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Staple Designers of Scandinavian Style [Infographic]

Staple Designers of SCANDINAVIAN STYLE Scandinavian-style design is historically known for its incorporation of natural materials such as wood, leather, and local fibers. Designs are oganic and closely connected to the world around them. From the 1930s to the 1970s, a handful of designers carved out a niche of finely crafted art, decor, and architecture, their names now synonymous with Scandinavian design. Alvar Aalto His work now referred to as Scandinavian Modern, Alvar Aalto was recognized for designing not just buildings, but entire interiors including furniture, lighting, and glassware. The "savoy vase" debuted in 1936. Its name came from its use within the elegant Savoy restaurant, and it's claimed that Aalto best described it as a water puddle. Arne Jacobsen Jacobsen brought the Paris chair to the 1925 Exposition Intenationale des Arts Décoratifs, where it won a silver medal. In 1951 he also designed the Ant chair, which had three steel legs (and later four). This intriguingly simple chair was designed for a Danish healthcare company. Borge Mogensen Borge studied at the Copenhagen School of Arts and Crafts and the School of Fumiture at the Royal Academy of Fine Arts from 1938–41, studying under the esteemed Kaare Klint through 1968. 00 0 000 Mogensen helped popularize the "Danish Modern" style of design and commonly used wood as his medium. His most popularly noted designs include the Spanish Chair and the Spokeback Sofa. Hans J. Wegner Hans J. Wegner is credited as the driver behind the Danish Modem style. Designing over 500 chairs, Hans is famous for his organic, soft designs and perfectly crafted joints. Inspired by Chinese chairs from the Ming dynasty, he designed his first China Chair in 1944 and crafted his most successful design, the Wishbone Chair, in 1949. Today, almost every major design museum across the world features his work. Verner Panton Verner Panton gained fame through his geometric furniture designs and brilliant colors. Verner became famous for his fusion of room elements into a total work of art, most notably his 'Visiona' ship installations at the Cologne Furniture Fair, the Spiegel publishing headquarters in Hamburg, and the Vama restaurant in Aarhus. Panton and Vitra collaborated in the early 1960s and together developed the recognizable Panton Chair in 1967. Poul Henningsen Poul Henningsen is most famous for his lighting designs, and today's lighting practices still follow his trademark foundations. Poul designed the PH-lamp in 1925, and he is best known for the PH-Artichoke and PH5. Henningsen is considered by many to be the innovator of modem lighting and can be credited with over 100 lighting designs. Maija Isola Maija Isola is a famous Finnish designer, best known for her 1964 Unikko design pattern. As the head designer of Marimekko's interior fabrics until 1987, her body of work includes over 500 prints. Inspired by traditional nature, folk art, and modem art, Maija's most recognizable print can still be found throughout modem culture. Brought to you by The Back Store | Resources: design-signer-poul-henningsen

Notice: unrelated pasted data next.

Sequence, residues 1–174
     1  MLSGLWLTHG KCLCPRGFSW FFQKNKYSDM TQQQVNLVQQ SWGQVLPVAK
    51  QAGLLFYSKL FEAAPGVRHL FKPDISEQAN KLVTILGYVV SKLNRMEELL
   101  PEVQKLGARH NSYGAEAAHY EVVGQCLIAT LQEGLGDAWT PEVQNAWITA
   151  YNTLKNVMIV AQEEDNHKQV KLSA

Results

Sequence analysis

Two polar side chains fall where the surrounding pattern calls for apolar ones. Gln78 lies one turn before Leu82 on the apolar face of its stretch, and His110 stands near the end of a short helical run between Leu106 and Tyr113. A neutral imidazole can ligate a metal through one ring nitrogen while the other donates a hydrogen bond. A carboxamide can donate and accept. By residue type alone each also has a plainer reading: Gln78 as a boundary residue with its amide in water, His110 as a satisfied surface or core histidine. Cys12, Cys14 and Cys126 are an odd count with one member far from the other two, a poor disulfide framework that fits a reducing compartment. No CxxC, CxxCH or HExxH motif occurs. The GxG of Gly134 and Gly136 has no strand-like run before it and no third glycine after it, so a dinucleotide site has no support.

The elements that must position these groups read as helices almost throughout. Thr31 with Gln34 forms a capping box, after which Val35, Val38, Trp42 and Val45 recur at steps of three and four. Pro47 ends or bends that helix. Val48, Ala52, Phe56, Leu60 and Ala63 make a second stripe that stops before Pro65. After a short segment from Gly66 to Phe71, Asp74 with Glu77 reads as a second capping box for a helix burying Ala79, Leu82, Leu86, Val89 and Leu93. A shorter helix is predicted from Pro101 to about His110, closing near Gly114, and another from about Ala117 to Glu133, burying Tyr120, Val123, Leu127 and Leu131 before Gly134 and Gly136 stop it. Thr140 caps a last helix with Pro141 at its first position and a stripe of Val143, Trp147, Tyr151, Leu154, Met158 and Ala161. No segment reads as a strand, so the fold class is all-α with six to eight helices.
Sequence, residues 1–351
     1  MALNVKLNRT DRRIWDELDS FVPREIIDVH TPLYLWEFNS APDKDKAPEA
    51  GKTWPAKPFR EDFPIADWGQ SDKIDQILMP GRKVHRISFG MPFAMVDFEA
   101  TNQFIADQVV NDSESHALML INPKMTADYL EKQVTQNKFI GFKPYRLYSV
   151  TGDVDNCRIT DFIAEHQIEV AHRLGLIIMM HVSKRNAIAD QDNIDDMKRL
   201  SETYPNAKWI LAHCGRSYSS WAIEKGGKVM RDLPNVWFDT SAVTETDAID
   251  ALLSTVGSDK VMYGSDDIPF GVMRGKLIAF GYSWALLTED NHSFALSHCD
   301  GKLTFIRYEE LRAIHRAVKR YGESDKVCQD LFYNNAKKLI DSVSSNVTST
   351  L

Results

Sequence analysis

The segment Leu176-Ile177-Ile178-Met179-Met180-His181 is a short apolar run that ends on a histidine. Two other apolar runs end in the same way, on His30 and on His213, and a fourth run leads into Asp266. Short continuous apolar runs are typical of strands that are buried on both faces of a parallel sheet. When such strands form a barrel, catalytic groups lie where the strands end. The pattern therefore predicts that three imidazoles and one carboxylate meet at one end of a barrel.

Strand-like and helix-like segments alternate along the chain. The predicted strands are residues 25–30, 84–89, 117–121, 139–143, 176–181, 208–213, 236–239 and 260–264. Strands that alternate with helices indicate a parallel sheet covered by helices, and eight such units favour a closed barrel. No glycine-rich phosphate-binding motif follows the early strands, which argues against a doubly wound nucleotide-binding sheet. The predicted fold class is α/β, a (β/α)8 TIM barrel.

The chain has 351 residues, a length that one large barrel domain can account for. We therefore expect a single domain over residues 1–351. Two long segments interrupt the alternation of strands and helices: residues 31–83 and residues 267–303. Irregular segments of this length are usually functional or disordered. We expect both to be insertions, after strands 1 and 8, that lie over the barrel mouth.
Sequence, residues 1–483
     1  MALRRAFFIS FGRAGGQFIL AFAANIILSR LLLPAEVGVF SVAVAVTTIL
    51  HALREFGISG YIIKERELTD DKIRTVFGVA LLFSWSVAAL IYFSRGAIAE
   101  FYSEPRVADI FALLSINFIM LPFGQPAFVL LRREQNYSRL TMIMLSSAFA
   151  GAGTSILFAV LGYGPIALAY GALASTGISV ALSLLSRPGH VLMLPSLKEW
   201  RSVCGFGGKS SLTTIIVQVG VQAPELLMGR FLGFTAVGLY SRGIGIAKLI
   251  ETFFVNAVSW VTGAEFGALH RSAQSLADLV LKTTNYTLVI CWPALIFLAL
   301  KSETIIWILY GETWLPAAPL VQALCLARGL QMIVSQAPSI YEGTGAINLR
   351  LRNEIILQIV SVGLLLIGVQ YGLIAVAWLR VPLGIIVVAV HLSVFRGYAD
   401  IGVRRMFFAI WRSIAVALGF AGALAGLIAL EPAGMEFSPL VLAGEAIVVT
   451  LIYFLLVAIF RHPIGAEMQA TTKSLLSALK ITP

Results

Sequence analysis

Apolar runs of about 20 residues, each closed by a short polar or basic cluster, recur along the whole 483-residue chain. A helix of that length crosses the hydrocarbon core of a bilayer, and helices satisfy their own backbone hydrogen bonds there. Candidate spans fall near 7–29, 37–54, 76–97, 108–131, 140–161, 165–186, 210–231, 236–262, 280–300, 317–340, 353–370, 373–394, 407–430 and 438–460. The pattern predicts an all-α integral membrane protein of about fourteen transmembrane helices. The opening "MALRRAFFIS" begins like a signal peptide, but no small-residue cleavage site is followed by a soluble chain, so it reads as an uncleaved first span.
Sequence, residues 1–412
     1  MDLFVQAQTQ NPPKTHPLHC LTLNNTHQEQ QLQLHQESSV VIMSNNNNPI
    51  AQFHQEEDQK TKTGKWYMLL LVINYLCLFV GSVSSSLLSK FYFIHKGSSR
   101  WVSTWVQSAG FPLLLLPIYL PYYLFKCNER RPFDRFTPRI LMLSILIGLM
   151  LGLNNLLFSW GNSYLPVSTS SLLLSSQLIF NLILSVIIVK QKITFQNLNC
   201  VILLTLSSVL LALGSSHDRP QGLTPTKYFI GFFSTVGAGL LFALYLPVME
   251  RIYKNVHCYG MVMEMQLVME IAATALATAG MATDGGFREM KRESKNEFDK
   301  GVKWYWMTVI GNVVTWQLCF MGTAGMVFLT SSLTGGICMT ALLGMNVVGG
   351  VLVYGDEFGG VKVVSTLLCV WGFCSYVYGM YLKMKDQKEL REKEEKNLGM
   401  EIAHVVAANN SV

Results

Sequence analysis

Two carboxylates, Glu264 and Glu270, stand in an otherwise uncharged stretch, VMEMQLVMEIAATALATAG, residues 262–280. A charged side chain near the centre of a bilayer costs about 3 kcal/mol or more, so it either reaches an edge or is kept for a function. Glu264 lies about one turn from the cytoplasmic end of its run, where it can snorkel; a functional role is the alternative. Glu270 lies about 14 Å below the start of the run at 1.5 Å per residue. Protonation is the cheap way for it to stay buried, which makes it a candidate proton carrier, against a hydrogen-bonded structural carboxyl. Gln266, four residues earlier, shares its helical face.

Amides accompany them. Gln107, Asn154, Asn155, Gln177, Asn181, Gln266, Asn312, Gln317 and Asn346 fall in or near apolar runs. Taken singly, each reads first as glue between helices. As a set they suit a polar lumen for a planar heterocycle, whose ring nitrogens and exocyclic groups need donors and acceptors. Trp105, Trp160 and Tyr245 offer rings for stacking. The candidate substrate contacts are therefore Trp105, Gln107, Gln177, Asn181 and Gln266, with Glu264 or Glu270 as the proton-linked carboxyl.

Staple Designers of Scandinavian Style [Infographic]

shared by thebackstorecm on Jul 26
Scandinavian-style design is historically known for its incorporation of natural materials such as wood, leather, and local fibers. Designs are organic and closely connected to the world around them.




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